A Story: Attic of Awesome

The ad said 5 old radiators for $400. True, we don't need 5 radiators - only two, really - but the deal seemed too good and would allow us the ability to replace and add as needed. We put on our renovating clothes after work last night and headed up to Forest Hill, cash in hand.

Finding the place was easy. It would have been easier had we not mistaken the address at first. Our knock on the door of number 27 was met by a suspicious stare and a firm shake of the head. The owner of the house was not even going to open the door to us. I stuttered out our reason for being there through the glass door. He shrugged and shook his head again. We apologized and walked away. The Husband pulled out his phone to double check the email with the address.

We were one house off.

I will never understand the mindset that stops people from opening the front door. Perhaps I haven't lived in the city long enough, haven't experienced enough neighbourhood crime and violence. Perhaps we're not affluent enough to understand the perception of danger. It seems an unpleasant way to live, suspicious of every person who finds themselves on your front step.

One house over was under construction and everything seemed like it made more sense. A young couple in power suits greeted us with handshakes, then took us through their empty house to see the radiators. Half an hour, we spent, struggling the behemoths down the stairs, out the front door and into our car. My muscles shook. My hands stung against the roughness of the cast iron. My knees and fingers bruised as they got banged up and pinched. More than once, I looked up at the Husband and said, "We will get these in here. We will. We have no other choice." I'm sure I was reassuring myself more than I was reassuring him.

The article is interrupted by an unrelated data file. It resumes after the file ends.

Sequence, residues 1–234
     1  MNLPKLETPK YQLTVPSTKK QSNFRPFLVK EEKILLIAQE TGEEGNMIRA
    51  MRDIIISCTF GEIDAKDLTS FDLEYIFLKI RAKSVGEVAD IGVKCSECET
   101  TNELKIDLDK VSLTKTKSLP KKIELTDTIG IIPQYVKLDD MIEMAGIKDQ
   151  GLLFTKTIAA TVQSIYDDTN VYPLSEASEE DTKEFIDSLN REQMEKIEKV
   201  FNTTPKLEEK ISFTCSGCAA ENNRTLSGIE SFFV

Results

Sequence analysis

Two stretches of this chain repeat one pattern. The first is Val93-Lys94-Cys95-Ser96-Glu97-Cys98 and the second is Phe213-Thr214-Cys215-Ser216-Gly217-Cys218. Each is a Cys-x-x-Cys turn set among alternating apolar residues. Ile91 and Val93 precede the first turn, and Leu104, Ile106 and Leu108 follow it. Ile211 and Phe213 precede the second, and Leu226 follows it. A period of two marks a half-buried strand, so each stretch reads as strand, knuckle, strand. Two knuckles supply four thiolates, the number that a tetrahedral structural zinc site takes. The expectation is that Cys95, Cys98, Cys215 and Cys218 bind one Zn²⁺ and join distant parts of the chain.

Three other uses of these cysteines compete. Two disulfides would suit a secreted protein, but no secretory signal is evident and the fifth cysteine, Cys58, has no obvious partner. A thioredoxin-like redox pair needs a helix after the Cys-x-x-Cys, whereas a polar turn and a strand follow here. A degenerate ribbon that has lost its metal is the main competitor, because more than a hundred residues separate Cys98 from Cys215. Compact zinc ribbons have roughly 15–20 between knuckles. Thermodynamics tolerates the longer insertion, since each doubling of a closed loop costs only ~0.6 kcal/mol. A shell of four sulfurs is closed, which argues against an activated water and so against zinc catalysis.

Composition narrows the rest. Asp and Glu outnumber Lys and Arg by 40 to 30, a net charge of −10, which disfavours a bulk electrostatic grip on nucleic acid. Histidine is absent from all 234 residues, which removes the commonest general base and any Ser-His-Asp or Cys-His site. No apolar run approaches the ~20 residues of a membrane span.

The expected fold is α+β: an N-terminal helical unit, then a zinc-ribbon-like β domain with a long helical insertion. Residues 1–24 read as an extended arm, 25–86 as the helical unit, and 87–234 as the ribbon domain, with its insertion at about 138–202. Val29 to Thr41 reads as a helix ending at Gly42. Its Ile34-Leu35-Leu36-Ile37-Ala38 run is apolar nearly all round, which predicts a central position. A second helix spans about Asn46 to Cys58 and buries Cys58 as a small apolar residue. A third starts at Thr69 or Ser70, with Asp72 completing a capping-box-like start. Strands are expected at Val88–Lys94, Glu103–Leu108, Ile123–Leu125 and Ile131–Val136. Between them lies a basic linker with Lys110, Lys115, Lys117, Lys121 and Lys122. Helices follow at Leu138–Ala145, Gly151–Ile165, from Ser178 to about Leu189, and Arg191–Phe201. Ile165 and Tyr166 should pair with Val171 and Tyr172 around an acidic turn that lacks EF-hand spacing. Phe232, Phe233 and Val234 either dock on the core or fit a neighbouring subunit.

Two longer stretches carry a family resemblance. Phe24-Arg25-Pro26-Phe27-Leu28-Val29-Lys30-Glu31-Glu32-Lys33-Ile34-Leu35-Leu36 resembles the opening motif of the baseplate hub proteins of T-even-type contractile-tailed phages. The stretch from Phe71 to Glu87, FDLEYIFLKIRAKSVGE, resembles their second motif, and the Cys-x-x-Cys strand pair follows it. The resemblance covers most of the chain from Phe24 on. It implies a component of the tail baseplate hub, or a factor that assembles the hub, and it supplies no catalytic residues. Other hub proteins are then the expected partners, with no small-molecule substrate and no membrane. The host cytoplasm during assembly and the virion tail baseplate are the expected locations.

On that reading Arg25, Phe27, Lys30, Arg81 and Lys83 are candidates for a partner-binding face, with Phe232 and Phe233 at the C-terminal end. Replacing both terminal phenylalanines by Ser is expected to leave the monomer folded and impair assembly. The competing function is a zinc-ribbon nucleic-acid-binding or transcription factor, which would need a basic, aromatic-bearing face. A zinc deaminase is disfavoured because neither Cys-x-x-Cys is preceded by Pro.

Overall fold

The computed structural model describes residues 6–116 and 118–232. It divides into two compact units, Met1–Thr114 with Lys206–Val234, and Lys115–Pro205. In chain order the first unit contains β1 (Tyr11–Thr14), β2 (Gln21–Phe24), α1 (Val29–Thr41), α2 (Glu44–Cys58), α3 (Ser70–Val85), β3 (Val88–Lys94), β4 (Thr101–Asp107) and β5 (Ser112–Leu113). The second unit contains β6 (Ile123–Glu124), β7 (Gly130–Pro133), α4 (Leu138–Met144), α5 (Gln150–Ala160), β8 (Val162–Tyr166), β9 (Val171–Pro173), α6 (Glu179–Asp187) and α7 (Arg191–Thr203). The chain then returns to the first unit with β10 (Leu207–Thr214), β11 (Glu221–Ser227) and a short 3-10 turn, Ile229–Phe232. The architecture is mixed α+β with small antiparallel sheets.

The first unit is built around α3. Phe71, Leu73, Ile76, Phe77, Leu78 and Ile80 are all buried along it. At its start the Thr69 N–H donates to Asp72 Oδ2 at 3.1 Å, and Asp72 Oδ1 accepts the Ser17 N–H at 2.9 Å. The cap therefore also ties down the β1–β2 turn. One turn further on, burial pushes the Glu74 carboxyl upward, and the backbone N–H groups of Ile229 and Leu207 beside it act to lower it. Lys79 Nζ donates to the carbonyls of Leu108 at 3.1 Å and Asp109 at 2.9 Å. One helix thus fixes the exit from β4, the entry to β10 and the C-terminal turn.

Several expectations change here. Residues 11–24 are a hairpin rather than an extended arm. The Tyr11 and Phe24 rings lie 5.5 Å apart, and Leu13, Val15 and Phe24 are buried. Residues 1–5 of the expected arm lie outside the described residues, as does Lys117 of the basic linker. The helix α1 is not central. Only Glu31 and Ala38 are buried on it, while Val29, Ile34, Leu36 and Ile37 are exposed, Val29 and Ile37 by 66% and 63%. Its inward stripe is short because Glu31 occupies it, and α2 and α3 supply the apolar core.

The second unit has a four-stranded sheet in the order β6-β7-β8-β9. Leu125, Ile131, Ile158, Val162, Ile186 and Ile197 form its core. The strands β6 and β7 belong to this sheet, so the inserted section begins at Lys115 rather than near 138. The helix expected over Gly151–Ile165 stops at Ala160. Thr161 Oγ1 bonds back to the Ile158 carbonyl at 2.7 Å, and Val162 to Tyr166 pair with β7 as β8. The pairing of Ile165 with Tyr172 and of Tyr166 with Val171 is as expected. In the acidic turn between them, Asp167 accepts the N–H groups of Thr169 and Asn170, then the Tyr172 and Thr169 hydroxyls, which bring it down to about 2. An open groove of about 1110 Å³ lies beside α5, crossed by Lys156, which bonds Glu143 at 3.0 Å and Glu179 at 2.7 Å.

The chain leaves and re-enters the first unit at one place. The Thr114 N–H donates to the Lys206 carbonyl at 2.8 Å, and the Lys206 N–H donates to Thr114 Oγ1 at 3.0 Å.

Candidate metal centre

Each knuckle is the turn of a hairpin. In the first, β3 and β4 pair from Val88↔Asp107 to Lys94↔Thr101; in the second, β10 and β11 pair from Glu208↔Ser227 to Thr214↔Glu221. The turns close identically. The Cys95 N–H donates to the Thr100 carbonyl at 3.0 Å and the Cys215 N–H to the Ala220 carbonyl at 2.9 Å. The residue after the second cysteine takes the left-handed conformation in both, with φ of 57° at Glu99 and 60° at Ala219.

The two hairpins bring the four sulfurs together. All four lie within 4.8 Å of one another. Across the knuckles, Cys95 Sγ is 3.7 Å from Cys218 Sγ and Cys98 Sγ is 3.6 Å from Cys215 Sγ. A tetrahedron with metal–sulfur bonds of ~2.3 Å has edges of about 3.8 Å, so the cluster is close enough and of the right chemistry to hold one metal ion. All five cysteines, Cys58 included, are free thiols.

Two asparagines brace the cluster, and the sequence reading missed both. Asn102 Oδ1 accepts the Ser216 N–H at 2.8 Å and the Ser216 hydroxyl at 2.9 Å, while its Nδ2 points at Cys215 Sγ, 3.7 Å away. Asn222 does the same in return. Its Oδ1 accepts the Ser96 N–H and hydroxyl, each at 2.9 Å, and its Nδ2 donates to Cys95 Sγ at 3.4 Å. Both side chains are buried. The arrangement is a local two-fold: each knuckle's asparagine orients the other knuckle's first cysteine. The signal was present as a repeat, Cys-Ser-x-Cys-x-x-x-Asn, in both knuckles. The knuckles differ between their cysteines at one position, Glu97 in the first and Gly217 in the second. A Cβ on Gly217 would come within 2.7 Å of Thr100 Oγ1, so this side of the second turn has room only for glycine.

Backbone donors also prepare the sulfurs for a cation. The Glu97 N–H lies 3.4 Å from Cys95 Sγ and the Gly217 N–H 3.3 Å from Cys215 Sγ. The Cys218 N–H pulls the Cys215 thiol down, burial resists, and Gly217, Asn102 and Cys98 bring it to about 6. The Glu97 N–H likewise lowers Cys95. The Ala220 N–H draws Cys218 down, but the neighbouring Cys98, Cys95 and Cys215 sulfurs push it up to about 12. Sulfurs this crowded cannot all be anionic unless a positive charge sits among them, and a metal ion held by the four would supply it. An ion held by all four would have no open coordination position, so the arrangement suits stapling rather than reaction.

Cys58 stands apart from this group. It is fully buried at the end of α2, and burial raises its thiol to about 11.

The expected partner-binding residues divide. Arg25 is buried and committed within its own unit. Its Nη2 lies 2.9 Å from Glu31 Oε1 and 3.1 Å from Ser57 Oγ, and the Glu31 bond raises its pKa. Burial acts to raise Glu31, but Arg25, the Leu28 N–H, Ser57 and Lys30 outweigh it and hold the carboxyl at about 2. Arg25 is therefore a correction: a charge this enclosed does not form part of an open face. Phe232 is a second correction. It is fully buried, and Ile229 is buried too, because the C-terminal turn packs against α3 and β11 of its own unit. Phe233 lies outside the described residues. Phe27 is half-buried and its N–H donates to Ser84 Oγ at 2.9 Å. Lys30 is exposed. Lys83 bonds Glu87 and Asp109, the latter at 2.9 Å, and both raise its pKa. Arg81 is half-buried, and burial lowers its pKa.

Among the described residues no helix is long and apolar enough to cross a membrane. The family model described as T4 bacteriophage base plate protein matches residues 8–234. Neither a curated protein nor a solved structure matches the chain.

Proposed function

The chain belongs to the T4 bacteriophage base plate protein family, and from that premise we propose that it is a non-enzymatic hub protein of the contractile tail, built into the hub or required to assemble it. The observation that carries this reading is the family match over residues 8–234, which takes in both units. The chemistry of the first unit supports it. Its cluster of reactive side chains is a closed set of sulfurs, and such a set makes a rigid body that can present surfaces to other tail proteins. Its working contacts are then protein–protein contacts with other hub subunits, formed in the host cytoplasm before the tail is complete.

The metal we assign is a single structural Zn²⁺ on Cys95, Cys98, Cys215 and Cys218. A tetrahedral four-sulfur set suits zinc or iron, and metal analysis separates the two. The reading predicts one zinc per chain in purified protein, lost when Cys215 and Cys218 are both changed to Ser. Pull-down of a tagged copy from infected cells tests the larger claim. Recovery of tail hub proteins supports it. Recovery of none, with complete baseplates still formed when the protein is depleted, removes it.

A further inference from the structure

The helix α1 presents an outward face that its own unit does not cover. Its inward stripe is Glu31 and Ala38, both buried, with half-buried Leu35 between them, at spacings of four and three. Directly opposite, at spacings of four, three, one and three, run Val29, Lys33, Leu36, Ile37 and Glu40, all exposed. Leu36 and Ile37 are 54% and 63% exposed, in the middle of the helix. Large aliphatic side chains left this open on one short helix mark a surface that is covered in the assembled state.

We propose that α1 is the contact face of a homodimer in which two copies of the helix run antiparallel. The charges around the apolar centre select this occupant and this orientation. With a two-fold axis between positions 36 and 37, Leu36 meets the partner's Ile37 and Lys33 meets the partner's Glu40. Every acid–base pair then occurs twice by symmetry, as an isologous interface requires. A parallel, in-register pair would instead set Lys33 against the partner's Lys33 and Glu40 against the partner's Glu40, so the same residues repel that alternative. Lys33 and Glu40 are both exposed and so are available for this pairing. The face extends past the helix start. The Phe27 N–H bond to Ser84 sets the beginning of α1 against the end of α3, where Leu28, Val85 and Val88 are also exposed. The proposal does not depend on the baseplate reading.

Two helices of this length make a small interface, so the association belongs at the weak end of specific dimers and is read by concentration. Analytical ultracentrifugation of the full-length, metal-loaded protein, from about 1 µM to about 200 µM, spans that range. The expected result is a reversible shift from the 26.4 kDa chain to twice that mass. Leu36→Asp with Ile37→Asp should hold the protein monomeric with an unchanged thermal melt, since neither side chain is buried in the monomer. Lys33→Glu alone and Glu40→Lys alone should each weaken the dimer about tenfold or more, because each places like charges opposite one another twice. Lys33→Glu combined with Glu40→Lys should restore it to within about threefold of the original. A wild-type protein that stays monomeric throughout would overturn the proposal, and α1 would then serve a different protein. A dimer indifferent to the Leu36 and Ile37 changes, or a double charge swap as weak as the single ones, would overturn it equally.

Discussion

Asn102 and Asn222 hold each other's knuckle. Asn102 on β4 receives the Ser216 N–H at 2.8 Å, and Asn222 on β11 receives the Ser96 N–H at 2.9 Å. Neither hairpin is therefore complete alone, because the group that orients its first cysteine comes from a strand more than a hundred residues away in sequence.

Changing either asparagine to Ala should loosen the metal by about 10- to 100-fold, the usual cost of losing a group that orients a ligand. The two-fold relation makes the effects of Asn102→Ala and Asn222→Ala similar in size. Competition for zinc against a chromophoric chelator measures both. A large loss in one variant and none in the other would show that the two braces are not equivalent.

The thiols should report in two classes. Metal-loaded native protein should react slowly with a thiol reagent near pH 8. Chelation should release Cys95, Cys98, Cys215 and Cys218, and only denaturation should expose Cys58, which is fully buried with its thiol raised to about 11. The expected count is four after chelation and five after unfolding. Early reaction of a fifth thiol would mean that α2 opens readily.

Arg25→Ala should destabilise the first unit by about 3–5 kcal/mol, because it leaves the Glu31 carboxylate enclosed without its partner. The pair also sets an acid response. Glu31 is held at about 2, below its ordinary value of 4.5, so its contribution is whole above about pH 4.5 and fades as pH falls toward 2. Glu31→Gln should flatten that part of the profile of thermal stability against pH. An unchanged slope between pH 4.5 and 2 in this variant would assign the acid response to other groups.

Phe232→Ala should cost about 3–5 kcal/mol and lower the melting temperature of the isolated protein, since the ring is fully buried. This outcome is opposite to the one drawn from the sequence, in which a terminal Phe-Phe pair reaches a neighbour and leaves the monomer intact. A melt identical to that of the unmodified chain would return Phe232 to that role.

When we got home, we struggled three of them out of the trunk and into our alleyway. Two remain in the backseat of the car. All our energy was gone. It was 8:30 and we hadn't even had supper yet.

The Attic of Awesome will have two radiators in it, on opposite sides of the room. This should be enough to heat the 300 square feet of open space quite sufficiently. All five are painted, but chipped and flaking, so I'm starting to think about our painting options. Of course, we could go simple and straightforward, and paint them white or the colour we pick for the walls, to blend in.

But I'm thinking of another option. I'd like to paint them a bold colour. Something that will stand out and make the radiators part of the room, make them something to notice. A deep blue against a white wall, perhaps. Or turquoise. Maybe I could even do something with a little ombre, and turn the rad into art.

We're also planning on replacing one or two of the radiators on our main floor with larger ones. Last year, we had some issues with the balance of heat between the basement and the upstairs. There are four huge radiators in the basement; while we have four on the main floor as well, all are much smaller. This meant that, in order to heat the main floor - which is where the thermostat is - our basement was getting cooked. We're hoping that, by replacing one or two of our radiators with larger ones, we can remedy the situation a little.